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Commercial Department: Q&A: Mary Beth Kuzmanovich, Colliers International: May 2017

 

Q&A: Mary Beth Kuzmanovich, Colliers International

Medical-office market faces changes but remains a growth sector

Health care properties, such as medical office buildings (MOBs), are an important and growing segment of the commercial real estate industry. Colliers International, a global real estate company with expertise in health care facilities large and small, analyzed vacancy rates, rental prices, construction and sales from the previous year in its 2017 Health Care Marketplace Report. Mary Beth Kuzmanovich, the national director of health care services for Colliers, spoke with Scotsman Guide about the current environment for health care properties.

Your list of 10 U.S. markets with the most investor interest in 2016 includes places like Los Angeles, San Diego and Seattle. What is driving success for these markets?

I think those particular markets … they’re booming markets across all real estate classes. They’ve had growth in their residential draw to the market as well as the business draw. And health care is very much riding that wave. As those communities really start to spread out, it’s pushing medical offices into locations that are close to the consumer, that are readily accessible and allow them to avoid some of the traffic challenges within those markets.

Your report states that health care expenses are expected to rise annually, on average, by 5.8 percent through 2025. Will the commercial real estate market suffer if that happens?

I think that number is really speculation with the best information we have [right now]. But to translate that to real estate … there will still be growth in markets, so I expect we will still see a strong attraction from investors into the health care and medical-office sector. When health care systems look at their outpatient practices, their single biggest expense is salaries. Second is rent. … There will be a real challenge around that dance between the health care provider who’s getting pushed further and further on their expenses, and the investor who wants to get more and more on their return.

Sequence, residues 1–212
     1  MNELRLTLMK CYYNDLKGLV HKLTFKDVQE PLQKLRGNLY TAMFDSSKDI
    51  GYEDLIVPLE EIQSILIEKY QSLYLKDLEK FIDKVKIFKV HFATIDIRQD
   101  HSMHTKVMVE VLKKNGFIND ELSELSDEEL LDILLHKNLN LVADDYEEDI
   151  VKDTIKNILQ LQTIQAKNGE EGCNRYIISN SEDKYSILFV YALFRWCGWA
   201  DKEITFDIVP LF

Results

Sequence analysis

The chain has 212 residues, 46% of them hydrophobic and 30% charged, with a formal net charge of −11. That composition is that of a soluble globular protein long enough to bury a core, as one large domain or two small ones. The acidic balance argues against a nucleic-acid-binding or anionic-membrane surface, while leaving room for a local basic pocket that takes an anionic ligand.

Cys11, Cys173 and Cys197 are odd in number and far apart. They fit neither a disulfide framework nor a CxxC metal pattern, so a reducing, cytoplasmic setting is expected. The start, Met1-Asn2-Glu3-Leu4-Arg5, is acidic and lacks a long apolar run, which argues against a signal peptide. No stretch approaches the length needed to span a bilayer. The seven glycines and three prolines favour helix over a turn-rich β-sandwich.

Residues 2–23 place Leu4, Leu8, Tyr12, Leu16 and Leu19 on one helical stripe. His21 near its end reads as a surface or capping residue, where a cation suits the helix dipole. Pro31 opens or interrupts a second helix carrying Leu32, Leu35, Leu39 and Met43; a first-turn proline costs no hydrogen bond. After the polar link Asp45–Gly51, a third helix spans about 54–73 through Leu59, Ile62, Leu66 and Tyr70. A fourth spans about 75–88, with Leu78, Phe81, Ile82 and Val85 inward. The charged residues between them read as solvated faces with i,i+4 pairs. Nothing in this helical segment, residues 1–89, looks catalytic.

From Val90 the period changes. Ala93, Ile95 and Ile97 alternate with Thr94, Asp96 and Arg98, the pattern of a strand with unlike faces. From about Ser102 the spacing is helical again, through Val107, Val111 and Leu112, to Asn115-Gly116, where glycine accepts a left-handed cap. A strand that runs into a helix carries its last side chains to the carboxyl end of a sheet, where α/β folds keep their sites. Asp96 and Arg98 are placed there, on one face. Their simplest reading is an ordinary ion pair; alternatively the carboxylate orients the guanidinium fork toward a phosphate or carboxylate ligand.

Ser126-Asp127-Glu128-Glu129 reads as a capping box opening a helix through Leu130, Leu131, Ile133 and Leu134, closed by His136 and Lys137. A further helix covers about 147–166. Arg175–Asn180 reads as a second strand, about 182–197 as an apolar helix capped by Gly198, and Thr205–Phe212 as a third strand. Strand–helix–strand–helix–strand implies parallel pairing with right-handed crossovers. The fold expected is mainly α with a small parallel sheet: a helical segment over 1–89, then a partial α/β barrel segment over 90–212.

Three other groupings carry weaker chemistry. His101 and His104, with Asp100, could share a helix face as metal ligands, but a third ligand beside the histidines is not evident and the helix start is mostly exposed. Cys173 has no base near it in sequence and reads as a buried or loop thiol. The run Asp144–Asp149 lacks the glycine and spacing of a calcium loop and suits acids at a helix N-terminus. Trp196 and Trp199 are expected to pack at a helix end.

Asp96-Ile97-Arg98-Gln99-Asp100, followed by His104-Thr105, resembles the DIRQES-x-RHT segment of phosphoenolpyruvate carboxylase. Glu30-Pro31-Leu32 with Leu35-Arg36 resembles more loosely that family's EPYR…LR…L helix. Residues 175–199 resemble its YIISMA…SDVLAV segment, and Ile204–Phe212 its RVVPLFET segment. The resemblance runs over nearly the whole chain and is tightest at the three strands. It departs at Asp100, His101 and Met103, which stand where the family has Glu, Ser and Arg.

Where they have an opportunity to consolidate and bring together three or four locations in one larger location that can still be accessible, they will be able to save on staffing expenses. I think we will see this demand for new space continuing as health systems look at some of the older Class B and C products that they’re in.

The analysis of construction numbers shows builders are shifting away from hospital projects and toward MOBs. Are we going to see that trend continue for the next several years?

As health care providers move from fee-for-service to a value-based reimbursement, they are moving out of their most expensive setting, that in-patient bedded facility, into lower-cost outpatient settings, trying to get closer to the patient, intervene earlier in that patient’s health.

Not only what happens with the Affordable Care Act, but [also] with Medicare and Medicaid and other big-payer sources … is going to drive growth in the outpatient medical-office setting.

One caveat to that: Health systems have to keep their bedded facilities for emergency care, surgery and necessary overnight treatment. Those assets are aging. When you look at the construction trends for hospital locations, a lot of those dollars are being spent on infrastructure — roofs, air conditioning, parking decks, aesthetic improvements.

MOB projects located outside hospital campuses were expected to be nearly triple the number of on-campus projects in 2016. Are these projects located in places convenient for suburban and rural populations?

In an urban setting, these outpatient facilities are being built in population centers. Those medical-office locations are going with the population growth, very much like the retail models where patients can easily get in, get out, and you’ll often find medical-office assets being grouped in with those retail settings.

In the more rural settings, you’re seeing some different things. Rural hospitals are particularly challenged financially with all of the changes in reimbursement. … Those rural hospitals, where they have lower and lower occupancy on their inpatient side, are trying to come up with creative ways to hold onto their market and make it convenient. … Sometimes it’s more lucrative for them to just have a newer facility that they can [use to] attract and keep their rural population.

Mary Beth Kuzmanovich is the national director of health care services at Colliers International, heading up national business development and relationship management with health care industry clients. She holds master’s and bachelor’s degrees from the University of Wisconsin and is a fellow in the American College of Healthcare Executives. She has some 25 years of experience in health care real estate, including serving previously as vice president in the facilities management group at Carolinas HealthCare System.


 

Neil Pierson is editor in chief of Scotsman Guide Media. Reach him at neilp@scotsmanguide.com or (800) 297-6061.

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